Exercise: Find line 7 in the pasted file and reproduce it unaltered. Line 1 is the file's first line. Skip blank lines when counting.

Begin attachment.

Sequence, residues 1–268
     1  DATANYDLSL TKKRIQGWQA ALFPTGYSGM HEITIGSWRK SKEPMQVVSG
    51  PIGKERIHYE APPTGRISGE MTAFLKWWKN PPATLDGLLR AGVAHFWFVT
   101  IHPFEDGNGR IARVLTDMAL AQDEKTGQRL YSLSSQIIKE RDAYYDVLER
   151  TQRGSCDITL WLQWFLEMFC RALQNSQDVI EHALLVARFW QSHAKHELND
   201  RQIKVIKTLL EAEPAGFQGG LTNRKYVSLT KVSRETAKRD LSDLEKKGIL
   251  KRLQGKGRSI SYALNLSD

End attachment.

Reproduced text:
   251  KRLQGKGRSI SYALNLSD